Cannabis is already used to treat cancer symptoms and cancer treatments such as radiation and chemotherapy.However, recent study We have found that cannabis use may actually reduce your chances of developing hepatocellular carcinoma (HCC), one of the most common malignancies in the world.
The link between HCC and cannabis had previously been identified in mice, but to the best of the researchers’ knowledge, had not yet been identified in humans, leading to the investigation.
HCC accounts for the majority of primary liver cancers. The study notes that the World Health Organization expects the incidence of HCC to increase through 2030, overestimating the more than 1 million deaths from liver cancer. Liver cancer mortality increased by 43% between 2016 and 2016.
Researchers at Georgetown University Hospital and the Cleveland Clinic used data from the National Inpatient Samples (NIS) database between 2002 and 2014 to identify HCC patients and cannabis use diagnoses. The researchers then identified a non-cannabis-using patient as a control group, adjusted for multiple potential confounders, and performed a multivariate logistic regression analysis to determine whether cannabis use correlated with her HCC. determined the potential relevance of
To the researchers’ knowledge, it was the largest study to assess the relationship between cannabis use and HCC.
The study included a staggering total of 101,231,026 patients. From that group, 996,290 patients were diagnosed with “cannabis abuse,” compared to 100,234,746 in the control group who were not. They were also younger (mean age 34 vs. 48), more male (61.7% vs. 41.4%), and more African American (29.9% vs. 14.2%).
The authors also observed that cannabis users were more likely to engage in high-risk behaviors, such as alcohol abuse (28% vs. 3%) and smoking (44% vs. 9%). Viral hepatitis is also more common among cannabis users, which researchers presumed to be associated with high-risk behaviors such as intravenous drug use.
The study noted that patients using cannabis had a 55% lower chance of HCC compared to controls, but this only confirms the correlation. Researchers were unable to confirm a clear, direct causal relationship.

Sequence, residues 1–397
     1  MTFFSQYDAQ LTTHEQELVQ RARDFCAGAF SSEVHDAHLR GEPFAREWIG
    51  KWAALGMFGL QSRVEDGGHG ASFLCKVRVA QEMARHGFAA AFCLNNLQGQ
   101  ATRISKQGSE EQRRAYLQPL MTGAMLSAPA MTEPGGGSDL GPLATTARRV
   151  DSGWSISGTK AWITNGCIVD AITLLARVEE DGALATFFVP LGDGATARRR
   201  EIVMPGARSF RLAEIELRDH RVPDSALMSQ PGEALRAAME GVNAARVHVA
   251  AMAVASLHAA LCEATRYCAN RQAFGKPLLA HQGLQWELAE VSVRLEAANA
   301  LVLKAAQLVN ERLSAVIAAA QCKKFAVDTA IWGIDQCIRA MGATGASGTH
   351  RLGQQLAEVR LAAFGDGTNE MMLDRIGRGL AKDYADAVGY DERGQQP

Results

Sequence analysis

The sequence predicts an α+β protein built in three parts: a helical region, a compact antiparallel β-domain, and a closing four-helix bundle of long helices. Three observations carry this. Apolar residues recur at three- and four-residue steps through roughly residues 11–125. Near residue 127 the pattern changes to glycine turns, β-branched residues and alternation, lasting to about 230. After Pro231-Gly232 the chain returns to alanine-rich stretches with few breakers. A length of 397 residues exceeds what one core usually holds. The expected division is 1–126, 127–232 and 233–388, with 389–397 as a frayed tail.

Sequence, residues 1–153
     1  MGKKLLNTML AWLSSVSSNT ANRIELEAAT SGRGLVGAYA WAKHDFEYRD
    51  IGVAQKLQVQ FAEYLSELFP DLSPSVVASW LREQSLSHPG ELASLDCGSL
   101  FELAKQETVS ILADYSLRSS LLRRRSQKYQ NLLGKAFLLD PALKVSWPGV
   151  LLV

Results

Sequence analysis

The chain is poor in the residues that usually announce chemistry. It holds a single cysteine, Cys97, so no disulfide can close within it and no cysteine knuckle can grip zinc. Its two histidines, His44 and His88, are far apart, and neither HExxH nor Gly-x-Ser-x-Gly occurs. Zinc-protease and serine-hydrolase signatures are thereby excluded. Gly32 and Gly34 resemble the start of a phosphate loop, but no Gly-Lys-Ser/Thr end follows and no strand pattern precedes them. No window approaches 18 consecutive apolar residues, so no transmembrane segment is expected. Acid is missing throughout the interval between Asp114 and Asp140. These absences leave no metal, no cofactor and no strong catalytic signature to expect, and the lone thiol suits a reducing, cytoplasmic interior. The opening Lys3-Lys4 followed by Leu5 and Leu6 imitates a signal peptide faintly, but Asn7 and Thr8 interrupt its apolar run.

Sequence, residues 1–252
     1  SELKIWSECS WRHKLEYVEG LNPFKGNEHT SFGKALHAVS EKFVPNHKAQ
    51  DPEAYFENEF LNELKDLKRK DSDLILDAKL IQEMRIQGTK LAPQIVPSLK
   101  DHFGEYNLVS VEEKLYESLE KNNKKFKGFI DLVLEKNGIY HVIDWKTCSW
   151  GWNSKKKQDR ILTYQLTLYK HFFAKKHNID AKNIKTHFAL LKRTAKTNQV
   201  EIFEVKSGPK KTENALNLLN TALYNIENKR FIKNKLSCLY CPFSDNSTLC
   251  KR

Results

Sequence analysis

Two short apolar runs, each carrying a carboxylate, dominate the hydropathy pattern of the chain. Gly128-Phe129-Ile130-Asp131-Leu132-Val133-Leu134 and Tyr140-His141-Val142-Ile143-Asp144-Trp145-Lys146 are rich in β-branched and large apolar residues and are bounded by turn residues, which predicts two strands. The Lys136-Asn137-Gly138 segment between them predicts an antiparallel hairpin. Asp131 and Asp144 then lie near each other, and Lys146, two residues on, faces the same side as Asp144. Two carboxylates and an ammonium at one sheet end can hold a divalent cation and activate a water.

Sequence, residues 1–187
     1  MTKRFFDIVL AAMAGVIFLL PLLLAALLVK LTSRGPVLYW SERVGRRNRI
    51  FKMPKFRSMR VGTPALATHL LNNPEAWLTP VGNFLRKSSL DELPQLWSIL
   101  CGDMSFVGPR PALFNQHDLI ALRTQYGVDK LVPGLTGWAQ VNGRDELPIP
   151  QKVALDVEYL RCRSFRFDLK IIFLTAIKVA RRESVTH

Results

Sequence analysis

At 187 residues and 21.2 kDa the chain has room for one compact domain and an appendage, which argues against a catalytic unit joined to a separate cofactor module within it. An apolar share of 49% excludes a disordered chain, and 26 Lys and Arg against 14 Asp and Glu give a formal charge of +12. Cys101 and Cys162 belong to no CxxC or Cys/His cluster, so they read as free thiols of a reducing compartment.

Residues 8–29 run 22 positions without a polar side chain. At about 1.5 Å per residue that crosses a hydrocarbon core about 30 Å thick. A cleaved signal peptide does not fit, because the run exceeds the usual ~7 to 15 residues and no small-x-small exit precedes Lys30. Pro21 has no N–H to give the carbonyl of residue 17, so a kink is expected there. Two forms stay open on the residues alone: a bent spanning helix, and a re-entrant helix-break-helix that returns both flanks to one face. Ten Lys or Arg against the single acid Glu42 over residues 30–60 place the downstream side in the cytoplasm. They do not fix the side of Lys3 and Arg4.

In discussing their results, the researchers explained that CBD offered one explanation for their observations. In addition, drug development of compounds that exert dual CB1 antagonistic and CB2 agonistic effects could play an important role in the management of liver disease. ”
The authors clarify that NIS is an administrative database intended for financial and administrative purposes, not for research purposes. That said, the data can vary in detail and precision, they say.
They also note that among patients with a history of cannabis use, “we cannot determine whether they are active cannabis users or have only a brief history of use.”
They also noted limitations of cross-sectional study designs, which can lead to recall bias when reporting exposures.
“Therefore, we propose prospective clinical studies to further understand the mechanisms by which various active ingredients, particularly CBD from cannabis, may modulate the development of hepatocellular carcinoma,” they conclude.
other Recent research We have demonstrated that cannabinoid-based therapies can stop the growth of liver cancer. Beyond the liver, studies have also shown the efficacy of cannabis treatments for killing colon, pancreas, and breast cancer cells.
Will there be a range of preventive cannabis and CBD treatments offered for people who are more likely to develop HCC and similar cancers in the future? Of course, this early research has only scratched the surface of the topic. , which is what potential cannabis has to offer, provides a solid foundation for future research and hopefully opens the door to more breakthroughs.